|Publication number||US7118640 B2|
|Application number||US 10/498,487|
|Publication date||Oct 10, 2006|
|Filing date||Dec 9, 2002|
|Priority date||Dec 13, 2001|
|Also published as||DE60224946D1, DE60224946T2, EP1458569A1, EP1458569B1, US20050109447, WO2003053693A1|
|Publication number||10498487, 498487, PCT/2002/2273, PCT/SE/2/002273, PCT/SE/2/02273, PCT/SE/2002/002273, PCT/SE/2002/02273, PCT/SE2/002273, PCT/SE2/02273, PCT/SE2002/002273, PCT/SE2002/02273, PCT/SE2002002273, PCT/SE200202273, PCT/SE2002273, PCT/SE202273, US 7118640 B2, US 7118640B2, US-B2-7118640, US7118640 B2, US7118640B2|
|Inventors||Anders Westerdahl, Max Krogager, Nils-Gunnar Jaktlund, Lars Löfgren|
|Original Assignee||Saab Ab|
|Export Citation||BiBTeX, EndNote, RefMan|
|Patent Citations (4), Referenced by (5), Classifications (22), Legal Events (4)|
|External Links: USPTO, USPTO Assignment, Espacenet|
The invention concerns a method for reinforcing a double-shell structure in which a cellular core is arranged between a first and a second shell.
A double-shell structure with composite or sheet metal shells often contains a spacer material of the cellular core type. For fabrication reasons, a cellular core is often made up of a plurality of units of the cellular core type, which are glued together to form the cellular core. The joints can become overloaded during fabrication or operational use, so that the units are at risk of separating from one another at one or a plurality of segments along the joints. This degrades the strength of the cellular core substantially.
U.S. Pat. No. 5,190,611 discloses a method for repair of composite structures. The method is used when there is an undesired opening in a panel of composite material. Material is removed from the panel in the region surrounding the opening and the prepared opening may extend all the way through the panel. An insert is positioned in the prepared opening and bonded to the surface. This method is suitable for repair of composite structures comprising layers of reinforcing fibers within a resin matrix. However, the method disclosed is not applicable for reinforcing or repairing so called double-shell structure and the particular problems that arise from cracks between the units in the cellular core.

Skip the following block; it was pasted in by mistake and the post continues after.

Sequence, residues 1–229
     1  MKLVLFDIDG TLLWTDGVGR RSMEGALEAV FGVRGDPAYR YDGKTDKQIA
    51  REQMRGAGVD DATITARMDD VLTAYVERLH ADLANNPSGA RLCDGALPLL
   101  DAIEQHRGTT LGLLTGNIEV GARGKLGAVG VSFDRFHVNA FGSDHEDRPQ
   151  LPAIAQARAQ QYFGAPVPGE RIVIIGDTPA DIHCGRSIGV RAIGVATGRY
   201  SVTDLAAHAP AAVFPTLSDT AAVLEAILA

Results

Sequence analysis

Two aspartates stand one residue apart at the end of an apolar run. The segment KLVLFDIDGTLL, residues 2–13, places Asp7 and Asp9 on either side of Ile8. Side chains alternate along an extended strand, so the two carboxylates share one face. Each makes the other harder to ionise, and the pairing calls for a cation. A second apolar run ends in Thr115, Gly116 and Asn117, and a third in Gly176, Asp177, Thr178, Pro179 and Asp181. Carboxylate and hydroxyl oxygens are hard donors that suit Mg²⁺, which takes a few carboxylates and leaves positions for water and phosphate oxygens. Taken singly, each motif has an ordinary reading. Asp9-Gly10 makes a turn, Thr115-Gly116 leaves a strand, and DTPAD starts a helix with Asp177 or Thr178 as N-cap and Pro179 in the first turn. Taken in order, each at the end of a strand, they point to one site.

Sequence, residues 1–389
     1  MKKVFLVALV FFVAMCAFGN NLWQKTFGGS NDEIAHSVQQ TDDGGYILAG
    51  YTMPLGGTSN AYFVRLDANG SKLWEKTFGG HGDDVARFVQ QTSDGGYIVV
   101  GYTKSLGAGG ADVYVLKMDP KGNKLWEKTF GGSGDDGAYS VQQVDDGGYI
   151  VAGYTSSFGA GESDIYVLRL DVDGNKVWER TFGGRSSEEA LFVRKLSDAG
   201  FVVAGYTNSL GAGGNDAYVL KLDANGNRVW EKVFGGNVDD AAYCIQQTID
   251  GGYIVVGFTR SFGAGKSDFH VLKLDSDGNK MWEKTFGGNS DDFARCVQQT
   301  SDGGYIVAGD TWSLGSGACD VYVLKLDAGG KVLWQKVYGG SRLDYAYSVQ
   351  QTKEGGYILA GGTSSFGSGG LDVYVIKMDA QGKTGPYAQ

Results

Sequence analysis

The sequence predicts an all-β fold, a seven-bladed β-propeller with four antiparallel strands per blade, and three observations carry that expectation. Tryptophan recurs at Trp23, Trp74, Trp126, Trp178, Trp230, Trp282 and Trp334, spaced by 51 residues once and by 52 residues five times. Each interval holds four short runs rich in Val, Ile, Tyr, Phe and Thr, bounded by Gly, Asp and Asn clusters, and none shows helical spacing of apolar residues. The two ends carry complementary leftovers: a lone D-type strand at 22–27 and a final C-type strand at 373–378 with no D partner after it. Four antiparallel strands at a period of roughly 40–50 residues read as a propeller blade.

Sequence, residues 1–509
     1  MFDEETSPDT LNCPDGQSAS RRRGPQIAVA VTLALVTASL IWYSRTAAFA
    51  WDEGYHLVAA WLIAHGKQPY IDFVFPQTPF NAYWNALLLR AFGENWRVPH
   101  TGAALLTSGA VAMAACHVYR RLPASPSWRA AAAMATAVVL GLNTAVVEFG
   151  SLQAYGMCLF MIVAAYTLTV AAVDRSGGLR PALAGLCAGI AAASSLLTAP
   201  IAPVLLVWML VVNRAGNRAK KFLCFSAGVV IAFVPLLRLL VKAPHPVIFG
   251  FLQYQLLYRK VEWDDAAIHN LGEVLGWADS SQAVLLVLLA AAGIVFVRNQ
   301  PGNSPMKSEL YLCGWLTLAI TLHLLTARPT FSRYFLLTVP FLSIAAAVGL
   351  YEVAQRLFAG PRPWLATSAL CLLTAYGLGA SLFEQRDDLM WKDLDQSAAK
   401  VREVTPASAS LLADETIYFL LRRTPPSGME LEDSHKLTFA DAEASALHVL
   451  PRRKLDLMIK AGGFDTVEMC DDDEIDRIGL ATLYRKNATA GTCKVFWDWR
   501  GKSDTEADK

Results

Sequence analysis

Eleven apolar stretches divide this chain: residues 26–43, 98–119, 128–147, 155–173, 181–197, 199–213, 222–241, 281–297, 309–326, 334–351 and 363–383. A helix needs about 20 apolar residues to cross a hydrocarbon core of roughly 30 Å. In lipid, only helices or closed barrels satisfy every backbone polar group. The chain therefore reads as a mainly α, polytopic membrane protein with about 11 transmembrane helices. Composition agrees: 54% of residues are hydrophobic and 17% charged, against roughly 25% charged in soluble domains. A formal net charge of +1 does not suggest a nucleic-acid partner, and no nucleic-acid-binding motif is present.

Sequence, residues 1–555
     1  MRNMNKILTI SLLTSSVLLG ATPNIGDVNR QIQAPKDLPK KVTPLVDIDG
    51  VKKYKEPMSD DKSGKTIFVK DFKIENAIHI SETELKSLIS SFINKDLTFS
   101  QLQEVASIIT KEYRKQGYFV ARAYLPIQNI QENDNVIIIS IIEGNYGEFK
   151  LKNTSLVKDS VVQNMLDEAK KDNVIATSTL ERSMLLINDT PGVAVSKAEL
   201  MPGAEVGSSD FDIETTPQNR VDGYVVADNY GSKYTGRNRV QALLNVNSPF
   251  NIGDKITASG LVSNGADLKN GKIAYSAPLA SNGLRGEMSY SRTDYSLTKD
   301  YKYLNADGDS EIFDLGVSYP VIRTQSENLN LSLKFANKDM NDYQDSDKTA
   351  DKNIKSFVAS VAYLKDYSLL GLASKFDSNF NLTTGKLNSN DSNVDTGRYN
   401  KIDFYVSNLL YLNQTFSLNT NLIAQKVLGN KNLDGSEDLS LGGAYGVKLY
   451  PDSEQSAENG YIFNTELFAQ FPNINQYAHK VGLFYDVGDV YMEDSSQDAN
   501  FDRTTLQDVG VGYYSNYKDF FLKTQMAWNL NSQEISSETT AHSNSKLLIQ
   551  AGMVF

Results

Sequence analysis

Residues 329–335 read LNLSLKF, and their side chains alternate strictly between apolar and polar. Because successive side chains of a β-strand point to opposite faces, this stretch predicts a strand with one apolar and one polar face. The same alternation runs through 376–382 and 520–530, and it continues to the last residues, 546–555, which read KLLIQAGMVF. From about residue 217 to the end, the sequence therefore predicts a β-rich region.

In order to reinforce or repair a cellular core inside an article having a double-shell structure, holes must be made in one of the shells. The holes made for the purpose of such repairs must subsequently be repaired. If the holes lead to a weakening of the shell, the shell must be reinforced so that it can bear its loads. Such repairs are usually extremely expensive, and it is also difficult to achieve sufficient strength in both the cellular core and the shell in which the holes have been made.
No effective methods currently exist for repairing glue joints. The methods that are used at present are based on cutting out a portion of the cellular core material at the glue joint, after which a repair section is inserted and fixed by glue. Because it is difficult to harden the repaired area to the same strength as the undamaged cellular core, such repairs lead to structural degradation.
The object of the invention is to provide a method for reinforcing a double-shell structure having an intermediate cellular core. The cellular core may be a honeycomb structure, a foam structure or any other type of cellular structure suitable as spacer material. The reinforcement is achieved by means of a method in which a cavity is formed in the double-shell structure from an opening in the first shell into the cellular core so that the cavity substantially extends through the cellular core to the second shell.
Fixative is injected into the cavity, after which a stiff bar whose shape conforms to the cavity is introduced into same, whereupon the excess fixative is allowed to pass out of the cavity and is removed. The fixative left in the cavity hardens.
The invention pertains in particular to a method for reinforcing a cellular core that comprises a first and a second unit of the cellular core type arranged next to one another and joined by means of a glue joint, whereupon the cavity can extend through the first unit and into the second unit.
In another embodiment of the invention, the cavity is realized at an angle falling within the range of 30–60° relative to the horizontal plane. The cavity preferably consists of a longitudinally extended drill hole with a cylindrical cross-section.